Stellar is always looking for new ways to partner with people who share our vision of an open financial network for all. We’re pleased to announce our first visiting scholar, Bhagwan Chowdhry, a professor of finance at UCLA’s Anderson School of Management. Professor Chowdhry is currently dedicating his sabbatical to working on Stellar in India.
As an academic, Chowdhry has what you might call a professorial interest in microfinance: he supervises graduate projects, develops models, and writes papers on the topic. Chowdhry also, however, works on the ground, running microfinance experiments geared towards broader financial inclusion. In 2009, he cofounded Financial Access at Birth (FAB), an organization that aims to provide newborn children with a $100 savings account. The account is linked to a unique ID that other organizations can use for cash transfers or dissemination of social services.
“I’ve been advocating financial inclusion for all people—particularly those who have no access to any formal financial services—for many years,” says Chowdhry. “Stellar’s mission and philosophy is close to my heart.”
While Stellar currently has projects in Nigeria and South Africa, Chowdhry’s work is our first foray into India. “The fact that Stellar is agnostic about currencies—US dollar, euros, Indian rupees, bitcoin—will allow us to tailor our applications to local needs and conditions,” he observes.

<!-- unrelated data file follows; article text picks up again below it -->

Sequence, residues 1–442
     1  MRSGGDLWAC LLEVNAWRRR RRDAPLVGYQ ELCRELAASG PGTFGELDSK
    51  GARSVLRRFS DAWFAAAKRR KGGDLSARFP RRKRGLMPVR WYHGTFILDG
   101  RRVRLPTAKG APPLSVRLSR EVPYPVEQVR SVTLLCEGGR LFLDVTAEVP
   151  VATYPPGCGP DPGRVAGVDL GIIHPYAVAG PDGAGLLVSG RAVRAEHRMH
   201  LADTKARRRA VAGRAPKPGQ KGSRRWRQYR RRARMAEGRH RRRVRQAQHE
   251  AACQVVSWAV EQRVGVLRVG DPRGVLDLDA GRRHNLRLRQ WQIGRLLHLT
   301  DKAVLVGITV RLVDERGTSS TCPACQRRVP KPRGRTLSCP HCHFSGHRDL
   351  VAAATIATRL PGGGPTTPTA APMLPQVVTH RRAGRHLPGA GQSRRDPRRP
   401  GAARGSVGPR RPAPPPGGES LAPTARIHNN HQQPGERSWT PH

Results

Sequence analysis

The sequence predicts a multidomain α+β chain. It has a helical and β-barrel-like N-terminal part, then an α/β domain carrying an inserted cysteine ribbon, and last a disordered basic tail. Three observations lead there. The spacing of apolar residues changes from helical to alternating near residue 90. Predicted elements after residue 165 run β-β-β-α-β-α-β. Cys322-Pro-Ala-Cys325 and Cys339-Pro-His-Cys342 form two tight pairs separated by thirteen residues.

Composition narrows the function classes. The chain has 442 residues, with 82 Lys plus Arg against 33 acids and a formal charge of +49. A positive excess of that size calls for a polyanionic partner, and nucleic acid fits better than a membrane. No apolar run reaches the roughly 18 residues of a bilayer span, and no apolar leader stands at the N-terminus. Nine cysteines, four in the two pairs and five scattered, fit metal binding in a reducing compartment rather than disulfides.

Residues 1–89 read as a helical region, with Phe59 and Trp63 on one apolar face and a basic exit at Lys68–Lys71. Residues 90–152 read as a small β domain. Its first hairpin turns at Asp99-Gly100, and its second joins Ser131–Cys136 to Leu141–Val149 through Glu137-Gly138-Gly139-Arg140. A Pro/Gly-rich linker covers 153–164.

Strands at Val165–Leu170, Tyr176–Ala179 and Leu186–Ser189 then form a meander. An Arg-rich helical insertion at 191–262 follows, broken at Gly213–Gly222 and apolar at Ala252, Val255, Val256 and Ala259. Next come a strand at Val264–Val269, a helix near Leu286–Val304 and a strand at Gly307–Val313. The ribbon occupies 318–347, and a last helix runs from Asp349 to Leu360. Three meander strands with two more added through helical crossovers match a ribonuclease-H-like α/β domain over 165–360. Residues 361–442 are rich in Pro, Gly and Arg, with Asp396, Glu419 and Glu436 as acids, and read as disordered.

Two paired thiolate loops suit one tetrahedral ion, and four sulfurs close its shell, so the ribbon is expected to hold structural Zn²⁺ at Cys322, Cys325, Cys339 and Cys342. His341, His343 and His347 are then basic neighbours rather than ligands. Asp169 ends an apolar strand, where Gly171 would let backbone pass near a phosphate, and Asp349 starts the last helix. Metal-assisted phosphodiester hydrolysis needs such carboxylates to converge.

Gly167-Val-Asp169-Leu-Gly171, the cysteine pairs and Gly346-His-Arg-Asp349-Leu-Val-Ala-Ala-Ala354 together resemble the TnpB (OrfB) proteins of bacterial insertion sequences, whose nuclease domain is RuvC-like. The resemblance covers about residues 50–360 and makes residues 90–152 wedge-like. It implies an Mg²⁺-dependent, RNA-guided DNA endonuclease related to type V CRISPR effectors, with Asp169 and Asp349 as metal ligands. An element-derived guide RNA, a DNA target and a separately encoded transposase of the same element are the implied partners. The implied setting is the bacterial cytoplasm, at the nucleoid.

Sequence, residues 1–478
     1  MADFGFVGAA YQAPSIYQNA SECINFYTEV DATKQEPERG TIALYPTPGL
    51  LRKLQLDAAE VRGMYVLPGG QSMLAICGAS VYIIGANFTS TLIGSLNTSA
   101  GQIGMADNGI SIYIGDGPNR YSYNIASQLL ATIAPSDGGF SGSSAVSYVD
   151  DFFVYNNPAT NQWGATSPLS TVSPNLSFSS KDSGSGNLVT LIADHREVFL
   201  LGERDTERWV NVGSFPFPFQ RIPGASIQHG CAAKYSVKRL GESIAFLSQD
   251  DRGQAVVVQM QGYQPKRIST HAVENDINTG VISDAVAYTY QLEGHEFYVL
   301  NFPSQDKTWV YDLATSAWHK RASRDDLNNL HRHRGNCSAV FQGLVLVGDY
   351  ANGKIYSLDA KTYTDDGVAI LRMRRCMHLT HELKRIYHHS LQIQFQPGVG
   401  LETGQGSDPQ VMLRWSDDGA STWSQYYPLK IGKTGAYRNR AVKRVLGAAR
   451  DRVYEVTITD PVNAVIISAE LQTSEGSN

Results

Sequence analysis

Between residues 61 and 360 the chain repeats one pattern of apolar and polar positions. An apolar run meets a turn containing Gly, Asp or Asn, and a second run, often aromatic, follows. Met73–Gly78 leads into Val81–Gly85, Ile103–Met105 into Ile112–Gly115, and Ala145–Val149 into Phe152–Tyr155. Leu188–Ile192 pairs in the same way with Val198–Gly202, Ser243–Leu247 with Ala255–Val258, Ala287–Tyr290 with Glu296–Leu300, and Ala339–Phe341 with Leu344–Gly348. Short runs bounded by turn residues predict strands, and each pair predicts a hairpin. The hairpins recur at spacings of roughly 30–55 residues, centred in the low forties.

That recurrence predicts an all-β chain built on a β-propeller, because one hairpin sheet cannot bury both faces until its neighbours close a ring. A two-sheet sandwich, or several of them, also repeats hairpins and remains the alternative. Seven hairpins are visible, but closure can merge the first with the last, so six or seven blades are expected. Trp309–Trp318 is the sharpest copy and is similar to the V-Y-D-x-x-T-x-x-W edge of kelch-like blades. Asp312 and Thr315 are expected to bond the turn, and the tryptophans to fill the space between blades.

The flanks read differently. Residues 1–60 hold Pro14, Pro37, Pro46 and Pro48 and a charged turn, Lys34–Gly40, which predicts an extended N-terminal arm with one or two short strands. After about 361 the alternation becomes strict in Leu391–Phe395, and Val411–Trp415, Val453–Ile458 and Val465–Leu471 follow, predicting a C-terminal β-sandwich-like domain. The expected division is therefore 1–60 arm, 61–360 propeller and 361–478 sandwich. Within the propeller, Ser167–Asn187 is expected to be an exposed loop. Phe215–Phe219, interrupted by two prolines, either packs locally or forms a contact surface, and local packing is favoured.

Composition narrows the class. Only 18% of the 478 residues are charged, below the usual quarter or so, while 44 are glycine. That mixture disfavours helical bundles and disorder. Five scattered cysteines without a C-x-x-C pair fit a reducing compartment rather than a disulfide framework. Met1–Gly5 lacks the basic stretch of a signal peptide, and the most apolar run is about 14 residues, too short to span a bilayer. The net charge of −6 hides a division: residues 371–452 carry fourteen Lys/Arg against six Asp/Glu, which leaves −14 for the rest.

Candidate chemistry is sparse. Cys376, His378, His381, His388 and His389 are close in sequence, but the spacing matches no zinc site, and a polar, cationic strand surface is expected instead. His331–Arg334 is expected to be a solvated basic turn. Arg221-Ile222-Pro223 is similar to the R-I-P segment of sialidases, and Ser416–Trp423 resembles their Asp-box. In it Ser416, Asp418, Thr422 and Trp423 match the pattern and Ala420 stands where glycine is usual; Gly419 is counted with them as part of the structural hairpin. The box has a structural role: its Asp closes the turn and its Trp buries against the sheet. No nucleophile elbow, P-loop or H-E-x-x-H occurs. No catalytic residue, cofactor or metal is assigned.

In a recent article, Chowdhry argues that digital currency is the best way to expand financial services to nearly 3 billion poor people—if we make digital currency more convenient, work well with regulators, and properly secure ourselves against fraud. His work on FAB points up the fact that “the most important element of financial inclusion is to be able to move money, nearly instantaneously and with negligible transactions costs. Stellar can deliver that. This network will have huge implications for the poor to be able to save effectively.”
Like the team here at Stellar, Chowdhry thinks a lot about how the poor suffer disproportionately from high transaction costs and remittance fees. Such costs are the result of a fragmented and antiquated financial system that is also disincentivized to build products for low-income customers. “Because Stellar provides a level playing field for large and small transactions, everyone will benefit from it—particularly the poor, who are often unable to save small amounts of money frequently without incurring high costs,” Chowdhry notes.
With Chowdhry’s support, we hope, as he writes, to help “do away with most transaction costs” and enable everyone to participate in the global economy.
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